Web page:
So, the TPLF’s recent effort to appease and placate the Oromo population by granting “favorable treatment and setting aside special zones” goes against the powerful and inevitable trend of rapid industrialization that is essential for stainable growth and development; and inevitable urbanization that ethnic elites can’t stop even if they wish. “As cities grow, and spread out over the land, they have been the recipients of a worldwide trend to devolve power from the national to the local level.” I accept this trend of urbanization that requires devolution of power to citizens. Given this inevitable trend, Ethiopia’s government leaders should have opted to grant Addis Ababa total administrative autonomy rather than playing the ethnic card to pit the Oromo against the Amhara.
Rural modernization, well-planned and integrated industrialization as well as rapid urbanization that draws citizens from all segments of society, including the rural poor to cities and towns, strengthens the democratization process measurably.
Habitat concludes this inevitable and healthy trend this way. “The fact that so many states have chosen to move along the path of decentralization constitutes a remarkable phenomenon” in the world today. Ethiopia’s rulers are therefore fighting a losing battle that sends contradictory signals. On the one hand, they argue that the country is growing and industrializing fast. On the other, they keep creating artificial barriers that segregate the population into Apartheid like enclaves. In doing so, they refuse to accept the notion that no group can control a demographic trend that demands greater freedom and autonomy in policy and decision-making. By definition, freedom is indivisible and must apply to each citizen. The proposition of strengthening and prolonging the life of a minority ethnic party by fracturing and subduing ethnic and religious groups is a losing proposition. It is anti-inclusive development. It is anti- empowerment. It counters the trend of integrated and national industrialization as well as decentralization that Ethiopia must pursue in its own self-interest. It is therefore anti-national and anti- democracy.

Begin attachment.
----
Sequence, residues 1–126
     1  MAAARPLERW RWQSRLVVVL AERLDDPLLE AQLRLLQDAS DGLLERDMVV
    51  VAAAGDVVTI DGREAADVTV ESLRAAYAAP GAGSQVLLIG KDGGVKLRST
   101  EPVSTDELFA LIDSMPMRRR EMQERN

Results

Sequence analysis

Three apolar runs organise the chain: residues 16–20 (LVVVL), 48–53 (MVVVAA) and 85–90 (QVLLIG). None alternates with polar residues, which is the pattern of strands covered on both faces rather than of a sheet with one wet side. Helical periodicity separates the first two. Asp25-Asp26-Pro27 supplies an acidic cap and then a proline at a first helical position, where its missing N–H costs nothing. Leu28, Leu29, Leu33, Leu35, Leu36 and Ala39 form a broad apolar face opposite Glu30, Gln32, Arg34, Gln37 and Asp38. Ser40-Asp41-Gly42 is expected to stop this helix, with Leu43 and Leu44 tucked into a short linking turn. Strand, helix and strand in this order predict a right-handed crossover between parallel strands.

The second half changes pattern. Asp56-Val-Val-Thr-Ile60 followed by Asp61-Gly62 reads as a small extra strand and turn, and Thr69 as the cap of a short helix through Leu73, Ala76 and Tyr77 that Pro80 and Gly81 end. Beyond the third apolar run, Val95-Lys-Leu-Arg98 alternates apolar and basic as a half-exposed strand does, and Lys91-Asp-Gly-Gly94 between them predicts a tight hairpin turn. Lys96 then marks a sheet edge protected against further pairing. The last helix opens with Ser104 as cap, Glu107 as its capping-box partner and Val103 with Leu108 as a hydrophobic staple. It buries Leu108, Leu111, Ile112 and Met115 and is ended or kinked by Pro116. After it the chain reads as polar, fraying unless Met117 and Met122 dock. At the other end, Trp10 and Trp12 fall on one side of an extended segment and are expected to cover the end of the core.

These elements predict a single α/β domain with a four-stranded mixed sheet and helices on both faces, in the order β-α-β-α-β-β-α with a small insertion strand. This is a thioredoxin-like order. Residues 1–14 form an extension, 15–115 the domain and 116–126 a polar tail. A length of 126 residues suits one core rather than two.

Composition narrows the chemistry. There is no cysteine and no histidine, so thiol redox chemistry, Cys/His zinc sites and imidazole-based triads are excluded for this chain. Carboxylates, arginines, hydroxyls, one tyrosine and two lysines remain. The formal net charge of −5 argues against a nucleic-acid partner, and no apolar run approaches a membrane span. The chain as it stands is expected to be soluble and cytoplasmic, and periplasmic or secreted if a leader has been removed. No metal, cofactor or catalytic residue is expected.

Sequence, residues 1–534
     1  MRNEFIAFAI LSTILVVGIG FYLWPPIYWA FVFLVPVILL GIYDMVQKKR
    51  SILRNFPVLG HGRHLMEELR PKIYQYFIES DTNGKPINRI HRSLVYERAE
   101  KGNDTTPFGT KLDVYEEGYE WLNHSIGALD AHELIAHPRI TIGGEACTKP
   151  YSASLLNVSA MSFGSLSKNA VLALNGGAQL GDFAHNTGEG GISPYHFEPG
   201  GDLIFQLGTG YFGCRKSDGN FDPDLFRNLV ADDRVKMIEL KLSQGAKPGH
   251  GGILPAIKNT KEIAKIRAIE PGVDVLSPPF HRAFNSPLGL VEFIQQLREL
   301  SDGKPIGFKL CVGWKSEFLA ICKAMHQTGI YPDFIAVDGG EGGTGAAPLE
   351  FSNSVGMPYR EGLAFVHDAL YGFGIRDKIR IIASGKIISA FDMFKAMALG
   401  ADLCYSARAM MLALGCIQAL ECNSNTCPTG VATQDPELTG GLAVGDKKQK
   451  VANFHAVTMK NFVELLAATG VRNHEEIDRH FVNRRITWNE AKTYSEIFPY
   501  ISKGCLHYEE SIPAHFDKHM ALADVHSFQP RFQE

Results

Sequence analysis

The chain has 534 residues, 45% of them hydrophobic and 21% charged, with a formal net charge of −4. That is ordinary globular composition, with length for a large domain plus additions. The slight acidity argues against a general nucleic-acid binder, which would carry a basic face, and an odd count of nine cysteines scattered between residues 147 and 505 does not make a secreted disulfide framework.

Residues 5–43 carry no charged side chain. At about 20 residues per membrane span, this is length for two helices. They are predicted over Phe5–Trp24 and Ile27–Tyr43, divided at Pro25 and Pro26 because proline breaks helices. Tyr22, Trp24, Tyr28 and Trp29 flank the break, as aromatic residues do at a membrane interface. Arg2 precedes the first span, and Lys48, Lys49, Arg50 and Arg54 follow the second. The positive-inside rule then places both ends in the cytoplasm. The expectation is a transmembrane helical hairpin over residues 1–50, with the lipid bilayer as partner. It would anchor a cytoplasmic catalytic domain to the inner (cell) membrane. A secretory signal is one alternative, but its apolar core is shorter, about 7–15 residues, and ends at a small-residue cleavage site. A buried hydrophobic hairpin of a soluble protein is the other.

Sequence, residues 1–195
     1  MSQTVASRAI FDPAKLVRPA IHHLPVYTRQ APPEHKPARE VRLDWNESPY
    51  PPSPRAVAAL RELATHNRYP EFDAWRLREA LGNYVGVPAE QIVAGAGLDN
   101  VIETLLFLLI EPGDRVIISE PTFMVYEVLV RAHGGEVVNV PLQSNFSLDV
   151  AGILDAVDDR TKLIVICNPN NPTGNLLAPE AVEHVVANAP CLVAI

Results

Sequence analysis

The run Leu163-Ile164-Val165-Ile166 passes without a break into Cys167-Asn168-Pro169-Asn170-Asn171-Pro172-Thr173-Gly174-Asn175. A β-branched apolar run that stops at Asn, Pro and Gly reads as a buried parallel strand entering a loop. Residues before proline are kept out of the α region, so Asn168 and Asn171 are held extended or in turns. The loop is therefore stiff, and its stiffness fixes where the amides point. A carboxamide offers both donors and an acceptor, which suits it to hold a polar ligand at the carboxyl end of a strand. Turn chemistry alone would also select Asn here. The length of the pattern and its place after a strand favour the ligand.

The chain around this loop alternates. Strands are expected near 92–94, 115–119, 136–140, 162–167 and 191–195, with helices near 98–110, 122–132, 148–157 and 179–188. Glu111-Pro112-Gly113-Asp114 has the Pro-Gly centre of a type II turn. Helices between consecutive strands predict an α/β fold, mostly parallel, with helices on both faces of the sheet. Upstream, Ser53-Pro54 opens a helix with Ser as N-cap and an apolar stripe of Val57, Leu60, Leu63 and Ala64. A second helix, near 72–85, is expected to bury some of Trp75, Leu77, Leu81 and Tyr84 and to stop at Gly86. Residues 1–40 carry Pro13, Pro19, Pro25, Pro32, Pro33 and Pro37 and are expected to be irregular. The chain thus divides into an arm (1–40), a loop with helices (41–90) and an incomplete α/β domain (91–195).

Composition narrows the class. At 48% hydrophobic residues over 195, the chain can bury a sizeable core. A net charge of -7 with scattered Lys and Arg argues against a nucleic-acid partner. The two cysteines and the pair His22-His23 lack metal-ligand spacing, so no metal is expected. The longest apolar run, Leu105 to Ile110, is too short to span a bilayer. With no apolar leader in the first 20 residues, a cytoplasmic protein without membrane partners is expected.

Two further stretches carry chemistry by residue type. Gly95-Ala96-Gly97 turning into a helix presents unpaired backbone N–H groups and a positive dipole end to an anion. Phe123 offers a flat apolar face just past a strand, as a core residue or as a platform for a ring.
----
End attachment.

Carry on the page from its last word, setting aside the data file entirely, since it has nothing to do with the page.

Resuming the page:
Fracturing people into smaller and smaller ethnic groups for the sole purpose of dominating them creates far reaching unintended consequences that no one can predict.